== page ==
16. chris said,

    April 12, 2009 at 5:05 pm

    I hope you guys mobilize a massive army of anti-gay fundagelicals, because you’ll only make fools of yourselves. I’m sick of hearing about how if my gay son can marry it will ruin civilization or some religious nut’s job. Why don’t you think about that poor bus company in Alabama that laid off people when Rosa Parks refused to go to the back? If I were you, instead of worrying about gay marriage I’d worry about the fact that people are leaving your churches in droves and the fastest growing religion is NO RELIGION. Sorry, there have been too many priests molesting kids, too many ted haggarts playing both fields, and too much reason and morals to allow your bronze age worldview to continue. Facts can be stubborn things, I know. This isn’t about freedom of belief or speech or keeping your jobs. You’re mad because you can’t make people believe as you do that gays are dirty, sinful abominations.

  17. beetlebabee said,

    April 13, 2009 at 1:44 pm

    Chris, while I agree with your assessment of the link between degrading societal trends and the rise of homosexuality’s acceptance, I fail to see how that is helpful to your argument.

  18. April 13, 2009 at 3:04 pm

    The Vermont Legislature, in my opinion, has chosen to treat all people equally regardless of their sexual orientation. If one group has “advantages” over another, you’re basically proving that this is unfair and discriminatory. We should ALL have the same advantages and opportunities.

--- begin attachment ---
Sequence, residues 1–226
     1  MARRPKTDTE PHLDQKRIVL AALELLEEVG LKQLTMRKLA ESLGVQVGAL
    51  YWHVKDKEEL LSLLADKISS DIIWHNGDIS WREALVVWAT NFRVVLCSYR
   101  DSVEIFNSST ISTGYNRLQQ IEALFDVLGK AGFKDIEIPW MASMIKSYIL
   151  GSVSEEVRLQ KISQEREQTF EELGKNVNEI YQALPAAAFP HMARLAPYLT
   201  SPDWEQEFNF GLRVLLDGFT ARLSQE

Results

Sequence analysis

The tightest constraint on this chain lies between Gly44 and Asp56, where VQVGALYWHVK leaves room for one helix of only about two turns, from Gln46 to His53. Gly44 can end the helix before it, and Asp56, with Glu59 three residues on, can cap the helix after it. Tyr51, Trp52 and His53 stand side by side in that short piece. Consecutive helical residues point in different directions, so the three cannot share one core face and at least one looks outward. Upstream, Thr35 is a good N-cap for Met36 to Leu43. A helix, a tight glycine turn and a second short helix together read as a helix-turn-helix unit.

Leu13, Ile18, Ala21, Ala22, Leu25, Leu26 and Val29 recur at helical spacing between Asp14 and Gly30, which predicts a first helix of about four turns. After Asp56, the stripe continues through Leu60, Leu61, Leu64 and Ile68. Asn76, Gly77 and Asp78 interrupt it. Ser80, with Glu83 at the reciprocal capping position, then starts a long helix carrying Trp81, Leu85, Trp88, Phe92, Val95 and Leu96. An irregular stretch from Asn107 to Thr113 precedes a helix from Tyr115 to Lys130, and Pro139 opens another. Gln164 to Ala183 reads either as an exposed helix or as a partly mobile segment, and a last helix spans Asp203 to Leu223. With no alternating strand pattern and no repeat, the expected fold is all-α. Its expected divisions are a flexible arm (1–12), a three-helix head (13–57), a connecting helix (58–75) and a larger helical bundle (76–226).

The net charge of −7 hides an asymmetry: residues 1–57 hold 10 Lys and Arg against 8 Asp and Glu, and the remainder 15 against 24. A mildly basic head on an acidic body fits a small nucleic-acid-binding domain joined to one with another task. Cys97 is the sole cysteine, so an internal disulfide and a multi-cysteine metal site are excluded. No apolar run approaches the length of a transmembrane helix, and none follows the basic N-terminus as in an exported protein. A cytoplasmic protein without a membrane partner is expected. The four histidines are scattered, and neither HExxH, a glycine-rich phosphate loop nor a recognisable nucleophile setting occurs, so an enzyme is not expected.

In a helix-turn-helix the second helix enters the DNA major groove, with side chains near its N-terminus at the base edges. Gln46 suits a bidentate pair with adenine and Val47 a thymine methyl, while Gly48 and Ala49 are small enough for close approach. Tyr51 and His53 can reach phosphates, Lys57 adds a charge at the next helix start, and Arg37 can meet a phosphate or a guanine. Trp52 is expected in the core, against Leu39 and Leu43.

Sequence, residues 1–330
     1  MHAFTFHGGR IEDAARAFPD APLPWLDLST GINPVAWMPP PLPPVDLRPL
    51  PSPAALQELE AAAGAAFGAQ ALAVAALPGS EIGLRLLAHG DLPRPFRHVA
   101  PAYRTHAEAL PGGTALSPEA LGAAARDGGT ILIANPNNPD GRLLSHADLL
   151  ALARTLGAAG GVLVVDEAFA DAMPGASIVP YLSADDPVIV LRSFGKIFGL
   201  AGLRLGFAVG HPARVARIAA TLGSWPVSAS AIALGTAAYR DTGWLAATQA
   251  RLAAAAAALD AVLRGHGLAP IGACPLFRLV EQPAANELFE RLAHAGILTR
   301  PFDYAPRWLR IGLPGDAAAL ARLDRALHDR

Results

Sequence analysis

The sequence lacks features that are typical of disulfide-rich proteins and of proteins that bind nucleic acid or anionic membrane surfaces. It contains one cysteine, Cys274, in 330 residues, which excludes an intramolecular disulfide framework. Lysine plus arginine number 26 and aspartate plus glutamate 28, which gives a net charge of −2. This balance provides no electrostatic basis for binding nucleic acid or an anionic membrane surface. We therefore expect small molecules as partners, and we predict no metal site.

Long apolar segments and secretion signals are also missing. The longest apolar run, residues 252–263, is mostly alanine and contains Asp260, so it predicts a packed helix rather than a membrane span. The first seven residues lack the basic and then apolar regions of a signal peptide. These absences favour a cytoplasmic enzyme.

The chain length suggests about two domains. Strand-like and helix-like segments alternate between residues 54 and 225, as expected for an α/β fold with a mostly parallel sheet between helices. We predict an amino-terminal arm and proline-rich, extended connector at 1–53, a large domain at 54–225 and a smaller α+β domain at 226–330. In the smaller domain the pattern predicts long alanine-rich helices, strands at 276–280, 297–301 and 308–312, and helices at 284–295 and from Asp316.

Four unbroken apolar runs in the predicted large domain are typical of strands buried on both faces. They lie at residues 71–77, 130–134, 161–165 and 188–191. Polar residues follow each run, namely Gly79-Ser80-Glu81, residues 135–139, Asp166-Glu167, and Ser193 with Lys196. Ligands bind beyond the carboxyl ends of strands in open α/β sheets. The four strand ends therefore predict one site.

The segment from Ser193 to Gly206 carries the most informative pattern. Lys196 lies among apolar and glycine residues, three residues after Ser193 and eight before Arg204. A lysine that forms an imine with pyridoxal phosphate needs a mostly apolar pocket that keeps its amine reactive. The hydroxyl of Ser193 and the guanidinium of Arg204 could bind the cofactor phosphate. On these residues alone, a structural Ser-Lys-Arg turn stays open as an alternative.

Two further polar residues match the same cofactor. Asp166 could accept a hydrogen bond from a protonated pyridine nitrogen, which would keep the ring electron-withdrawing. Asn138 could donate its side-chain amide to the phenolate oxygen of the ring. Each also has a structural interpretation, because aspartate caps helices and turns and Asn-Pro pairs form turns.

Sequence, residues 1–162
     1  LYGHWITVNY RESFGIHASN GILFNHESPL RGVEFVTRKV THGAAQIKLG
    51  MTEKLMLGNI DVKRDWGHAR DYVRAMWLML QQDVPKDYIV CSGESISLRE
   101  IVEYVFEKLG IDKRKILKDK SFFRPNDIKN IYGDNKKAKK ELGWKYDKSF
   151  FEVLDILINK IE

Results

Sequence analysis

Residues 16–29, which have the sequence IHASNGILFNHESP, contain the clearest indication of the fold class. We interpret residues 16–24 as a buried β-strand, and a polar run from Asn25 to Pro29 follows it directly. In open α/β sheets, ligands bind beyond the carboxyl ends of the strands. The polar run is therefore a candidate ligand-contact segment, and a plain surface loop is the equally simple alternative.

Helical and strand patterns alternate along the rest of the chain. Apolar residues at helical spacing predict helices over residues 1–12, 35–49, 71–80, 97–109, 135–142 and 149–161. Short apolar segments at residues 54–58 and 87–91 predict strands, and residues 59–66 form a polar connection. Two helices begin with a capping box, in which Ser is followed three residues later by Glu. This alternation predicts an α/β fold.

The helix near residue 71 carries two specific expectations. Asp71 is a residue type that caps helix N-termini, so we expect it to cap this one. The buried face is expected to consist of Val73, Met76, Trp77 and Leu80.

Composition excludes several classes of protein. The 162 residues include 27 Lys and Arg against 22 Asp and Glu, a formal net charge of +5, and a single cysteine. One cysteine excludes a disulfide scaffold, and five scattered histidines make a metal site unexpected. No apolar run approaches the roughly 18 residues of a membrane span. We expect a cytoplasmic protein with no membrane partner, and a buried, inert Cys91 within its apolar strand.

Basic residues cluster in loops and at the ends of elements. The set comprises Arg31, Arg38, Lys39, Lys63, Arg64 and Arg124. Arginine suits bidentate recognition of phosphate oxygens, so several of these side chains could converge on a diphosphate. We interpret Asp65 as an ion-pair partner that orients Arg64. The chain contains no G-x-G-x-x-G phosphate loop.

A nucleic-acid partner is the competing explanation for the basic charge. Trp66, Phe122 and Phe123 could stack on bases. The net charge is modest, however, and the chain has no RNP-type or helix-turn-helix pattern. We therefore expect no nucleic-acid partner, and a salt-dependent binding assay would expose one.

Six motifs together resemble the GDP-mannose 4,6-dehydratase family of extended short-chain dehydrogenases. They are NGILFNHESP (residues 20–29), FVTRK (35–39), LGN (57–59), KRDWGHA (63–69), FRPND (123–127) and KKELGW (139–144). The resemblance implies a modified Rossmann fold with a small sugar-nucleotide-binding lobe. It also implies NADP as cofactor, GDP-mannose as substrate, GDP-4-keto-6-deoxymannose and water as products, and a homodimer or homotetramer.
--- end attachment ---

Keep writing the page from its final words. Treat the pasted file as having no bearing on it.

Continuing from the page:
Gary, does this mean that siblings are allowed to marry each other too? It would be unfair and discriminatory under your reasoning.

    Since Vermont wants to treat me equally regardless of my sexual orientation, does that mean I can marry my dog because I’m sexually attracted to it?

  19. April 14, 2009 at 4:28 am

    Secular Heretic “…does this mean that siblings are allowed to marry each other too? It would be unfair and discriminatory under your reasoning…Since Vermont wants to treat me equally regardless of my sexual orientation, does that mean I can marry my dog because I’m sexually attracted to it?”
    Siblings can’t (generally), because they have kids with webbed toes and eyes that are too close together, and dogs can’t give informed consent.

  20. April 14, 2009 at 2:28 pm

    The point I’m making is that sexual orientation has nothing to do with a person’s eligibility to marry. Before getting married you must prove your age and demonstrate that you are not already married. Never do you need to prove your sexual orientation. How could you prove it? Sexual orientation is not a criteria for marriage.

    As you pointed out Modus, informed consent is needed in a marriage and you have acknowledged the presumption of paternity within a marriage.

    This gets to the core of what marriage is, a both sexed arrangement with the presumption of paternity. Same sex marriage is non existent because it is single sexed and there is no presumption of paternity. Never do you presume that when you see two guys pushing a babies pram that the child is a product of their love together!

    We could change laws and call same sex unions “marriages” but they would not correspond to what a marriage actually is. It would also cause confusion within society. When I tell people that I’m married it is assumed that I’m married to a person of the opposite sex. That is because the word marriage defines the type of relationship I have.

  21. April 14, 2009 at 11:35 pm

    Secular Heretic “As you pointed out Modus, informed consent is needed in a marriage and you have acknowledged the presumption of paternity within a marriage.”